When implementing a new cybersecurity strategy, stakeholder skepticism and other “bumps in the road” are inevitable, but executive support increases the likelihood that challenging stakeholders will view the changes as a matter of “when, not if.” They’re more likely to move from a position of reluctance towards partnership and collaboration. Ultimately, executive sponsorship helps accelerate the implementation of your cybersecurity strategy by clearing some of these potential roadblocks within the organization
Learn from Early Mistakes and Failures
You should “walk before you run” when implementing a new cybersecurity strategy. It is critical that organizations learn from early “mistakes” in their cybersecurity strategy to improve the implementation down the road, which means they also need to set and manage expectations accordingly. Growing pains are natural and can be constructive for the implementation in the long run if all stakeholders are prepared for them. For that reason, pilots are vital to the overall effort. Focus on smaller, less risky sites to test and refine technologies that are new (and unproven) in the organization. Then gradually build up to larger sites as stakeholders build confidence in the technology and the implementation more generally.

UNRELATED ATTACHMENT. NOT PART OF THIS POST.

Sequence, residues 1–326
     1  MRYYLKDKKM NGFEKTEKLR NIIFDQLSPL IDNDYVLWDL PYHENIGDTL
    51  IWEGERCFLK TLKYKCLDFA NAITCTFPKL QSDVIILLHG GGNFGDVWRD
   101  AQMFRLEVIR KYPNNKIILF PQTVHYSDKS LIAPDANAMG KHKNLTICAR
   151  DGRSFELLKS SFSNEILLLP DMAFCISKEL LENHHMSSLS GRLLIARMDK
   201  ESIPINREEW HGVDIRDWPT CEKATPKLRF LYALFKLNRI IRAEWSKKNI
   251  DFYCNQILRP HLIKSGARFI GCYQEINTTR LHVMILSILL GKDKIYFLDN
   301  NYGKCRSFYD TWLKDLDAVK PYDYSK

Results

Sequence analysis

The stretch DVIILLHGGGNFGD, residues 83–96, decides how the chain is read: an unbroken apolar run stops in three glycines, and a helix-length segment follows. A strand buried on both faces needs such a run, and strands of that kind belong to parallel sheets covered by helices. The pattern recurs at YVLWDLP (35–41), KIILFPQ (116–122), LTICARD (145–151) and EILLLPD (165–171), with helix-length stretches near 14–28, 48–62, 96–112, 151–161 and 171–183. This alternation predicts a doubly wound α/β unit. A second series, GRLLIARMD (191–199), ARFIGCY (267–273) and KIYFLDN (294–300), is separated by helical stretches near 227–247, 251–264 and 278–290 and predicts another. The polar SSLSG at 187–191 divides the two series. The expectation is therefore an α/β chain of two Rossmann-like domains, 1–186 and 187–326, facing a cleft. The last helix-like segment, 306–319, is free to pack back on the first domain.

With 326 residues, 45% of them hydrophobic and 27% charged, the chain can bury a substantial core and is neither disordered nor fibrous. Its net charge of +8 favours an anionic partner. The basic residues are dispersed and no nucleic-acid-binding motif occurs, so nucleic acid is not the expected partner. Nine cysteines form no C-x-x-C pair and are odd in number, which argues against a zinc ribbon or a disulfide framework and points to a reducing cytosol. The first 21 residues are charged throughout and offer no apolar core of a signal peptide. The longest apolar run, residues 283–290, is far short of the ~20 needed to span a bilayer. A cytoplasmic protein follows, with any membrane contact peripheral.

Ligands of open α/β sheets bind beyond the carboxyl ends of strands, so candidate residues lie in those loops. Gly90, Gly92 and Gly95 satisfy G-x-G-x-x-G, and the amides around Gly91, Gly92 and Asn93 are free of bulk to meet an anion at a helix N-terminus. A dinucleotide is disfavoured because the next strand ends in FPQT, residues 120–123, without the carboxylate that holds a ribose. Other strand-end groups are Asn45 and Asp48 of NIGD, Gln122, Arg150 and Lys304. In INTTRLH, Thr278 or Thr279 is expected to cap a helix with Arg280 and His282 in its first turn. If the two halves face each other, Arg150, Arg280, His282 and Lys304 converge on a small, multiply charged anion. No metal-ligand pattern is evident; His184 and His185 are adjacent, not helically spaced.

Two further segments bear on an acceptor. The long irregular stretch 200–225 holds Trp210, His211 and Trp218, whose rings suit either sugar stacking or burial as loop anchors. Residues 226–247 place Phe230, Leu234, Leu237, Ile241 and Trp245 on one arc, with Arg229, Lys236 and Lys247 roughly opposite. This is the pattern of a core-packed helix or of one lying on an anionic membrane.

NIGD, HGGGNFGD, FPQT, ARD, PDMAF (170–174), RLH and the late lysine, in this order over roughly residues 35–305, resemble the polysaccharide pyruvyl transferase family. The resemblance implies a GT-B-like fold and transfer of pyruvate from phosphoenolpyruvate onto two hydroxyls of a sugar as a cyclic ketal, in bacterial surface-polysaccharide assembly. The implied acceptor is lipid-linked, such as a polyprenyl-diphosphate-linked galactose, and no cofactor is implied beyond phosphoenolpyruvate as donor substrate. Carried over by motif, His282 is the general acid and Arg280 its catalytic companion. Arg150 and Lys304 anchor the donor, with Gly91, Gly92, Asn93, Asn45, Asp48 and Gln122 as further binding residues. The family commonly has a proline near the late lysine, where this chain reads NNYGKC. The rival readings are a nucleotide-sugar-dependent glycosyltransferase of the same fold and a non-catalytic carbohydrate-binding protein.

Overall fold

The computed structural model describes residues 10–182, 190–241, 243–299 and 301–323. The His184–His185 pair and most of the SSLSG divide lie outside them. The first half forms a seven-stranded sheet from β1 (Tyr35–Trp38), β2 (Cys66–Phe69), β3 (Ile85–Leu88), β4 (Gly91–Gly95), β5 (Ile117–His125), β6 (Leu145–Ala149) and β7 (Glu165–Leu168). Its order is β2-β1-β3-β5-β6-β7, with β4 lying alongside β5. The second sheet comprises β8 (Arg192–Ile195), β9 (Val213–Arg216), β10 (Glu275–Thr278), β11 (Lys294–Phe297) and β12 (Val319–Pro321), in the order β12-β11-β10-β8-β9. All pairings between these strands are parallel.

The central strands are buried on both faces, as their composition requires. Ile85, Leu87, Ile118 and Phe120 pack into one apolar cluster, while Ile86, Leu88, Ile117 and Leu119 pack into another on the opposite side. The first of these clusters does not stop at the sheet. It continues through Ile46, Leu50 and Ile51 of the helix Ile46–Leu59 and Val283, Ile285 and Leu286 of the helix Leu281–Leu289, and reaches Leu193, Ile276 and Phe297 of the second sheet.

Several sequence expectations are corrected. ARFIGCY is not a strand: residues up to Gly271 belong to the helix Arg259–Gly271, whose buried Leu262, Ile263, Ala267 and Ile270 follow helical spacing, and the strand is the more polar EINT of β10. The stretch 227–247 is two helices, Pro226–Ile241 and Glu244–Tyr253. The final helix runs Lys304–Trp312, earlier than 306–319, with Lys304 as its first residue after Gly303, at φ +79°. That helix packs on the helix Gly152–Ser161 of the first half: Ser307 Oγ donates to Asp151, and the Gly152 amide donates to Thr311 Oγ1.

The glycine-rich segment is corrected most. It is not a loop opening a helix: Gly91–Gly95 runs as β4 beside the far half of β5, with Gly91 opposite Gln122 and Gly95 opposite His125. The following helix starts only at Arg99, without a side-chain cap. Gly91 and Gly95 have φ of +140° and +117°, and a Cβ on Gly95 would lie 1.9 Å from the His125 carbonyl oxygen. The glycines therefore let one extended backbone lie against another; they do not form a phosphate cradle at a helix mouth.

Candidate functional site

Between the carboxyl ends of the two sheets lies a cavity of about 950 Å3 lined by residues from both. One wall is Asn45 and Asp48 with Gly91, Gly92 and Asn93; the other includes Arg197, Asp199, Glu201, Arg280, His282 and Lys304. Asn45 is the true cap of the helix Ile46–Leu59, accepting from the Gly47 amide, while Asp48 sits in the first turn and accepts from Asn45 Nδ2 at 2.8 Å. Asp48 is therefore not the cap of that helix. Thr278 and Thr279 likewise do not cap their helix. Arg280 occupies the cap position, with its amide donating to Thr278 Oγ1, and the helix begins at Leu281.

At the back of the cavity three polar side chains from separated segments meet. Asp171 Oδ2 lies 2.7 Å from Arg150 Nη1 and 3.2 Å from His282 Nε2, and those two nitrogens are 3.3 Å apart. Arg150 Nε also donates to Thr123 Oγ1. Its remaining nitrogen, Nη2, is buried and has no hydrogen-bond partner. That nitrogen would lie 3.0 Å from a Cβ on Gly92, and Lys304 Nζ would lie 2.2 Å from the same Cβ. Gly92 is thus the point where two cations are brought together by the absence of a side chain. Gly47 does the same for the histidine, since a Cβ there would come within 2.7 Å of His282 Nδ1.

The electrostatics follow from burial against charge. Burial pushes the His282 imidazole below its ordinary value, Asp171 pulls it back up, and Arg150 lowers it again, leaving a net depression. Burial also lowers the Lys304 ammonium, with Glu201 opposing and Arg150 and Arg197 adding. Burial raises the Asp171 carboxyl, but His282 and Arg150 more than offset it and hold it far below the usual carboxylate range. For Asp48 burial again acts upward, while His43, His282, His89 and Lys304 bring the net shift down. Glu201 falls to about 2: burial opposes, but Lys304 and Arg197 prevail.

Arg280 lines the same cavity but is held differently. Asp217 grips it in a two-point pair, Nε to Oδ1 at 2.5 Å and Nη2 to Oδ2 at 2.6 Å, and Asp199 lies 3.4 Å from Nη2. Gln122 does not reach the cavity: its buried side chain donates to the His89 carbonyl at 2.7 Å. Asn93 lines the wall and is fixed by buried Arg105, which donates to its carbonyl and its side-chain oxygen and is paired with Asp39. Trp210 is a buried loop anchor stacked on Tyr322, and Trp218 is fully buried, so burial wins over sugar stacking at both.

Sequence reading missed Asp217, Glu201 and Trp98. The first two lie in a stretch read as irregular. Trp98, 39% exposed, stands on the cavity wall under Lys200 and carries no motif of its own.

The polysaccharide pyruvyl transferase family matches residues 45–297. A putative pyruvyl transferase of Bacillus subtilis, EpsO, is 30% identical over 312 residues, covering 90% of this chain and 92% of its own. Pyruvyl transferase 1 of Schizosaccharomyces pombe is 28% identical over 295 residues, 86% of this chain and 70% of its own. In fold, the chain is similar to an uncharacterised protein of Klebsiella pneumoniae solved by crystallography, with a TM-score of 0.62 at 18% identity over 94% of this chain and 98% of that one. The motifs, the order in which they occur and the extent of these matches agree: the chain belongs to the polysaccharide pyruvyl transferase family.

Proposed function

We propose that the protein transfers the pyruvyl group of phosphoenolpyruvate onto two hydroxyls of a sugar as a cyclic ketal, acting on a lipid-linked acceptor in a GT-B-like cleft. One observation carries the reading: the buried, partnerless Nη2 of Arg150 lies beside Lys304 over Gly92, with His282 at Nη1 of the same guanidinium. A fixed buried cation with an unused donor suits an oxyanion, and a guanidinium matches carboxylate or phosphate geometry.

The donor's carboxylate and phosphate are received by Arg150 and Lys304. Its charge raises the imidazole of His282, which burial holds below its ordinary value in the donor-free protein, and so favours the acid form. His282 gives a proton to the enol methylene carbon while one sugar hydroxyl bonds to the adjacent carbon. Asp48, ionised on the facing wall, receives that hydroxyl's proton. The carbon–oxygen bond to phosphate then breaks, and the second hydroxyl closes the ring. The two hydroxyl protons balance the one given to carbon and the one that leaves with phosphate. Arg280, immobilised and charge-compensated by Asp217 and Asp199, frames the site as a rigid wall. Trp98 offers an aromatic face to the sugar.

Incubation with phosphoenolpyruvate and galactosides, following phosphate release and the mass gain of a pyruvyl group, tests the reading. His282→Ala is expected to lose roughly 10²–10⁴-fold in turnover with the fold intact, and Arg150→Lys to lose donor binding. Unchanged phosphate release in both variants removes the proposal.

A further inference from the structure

By design, pilots are learning opportunities and need to be messaged accordingly (so stakeholders appreciate and understand the educational value of “failures”). It helps to identify “friendlies” – allies with whom you already have warm, trusting relationships. They will partner with you to pilot various aspects of your cybersecurity strategy, but because the growing pains are inevitable, they will need to demonstrate a collaborative, pragmatic patience.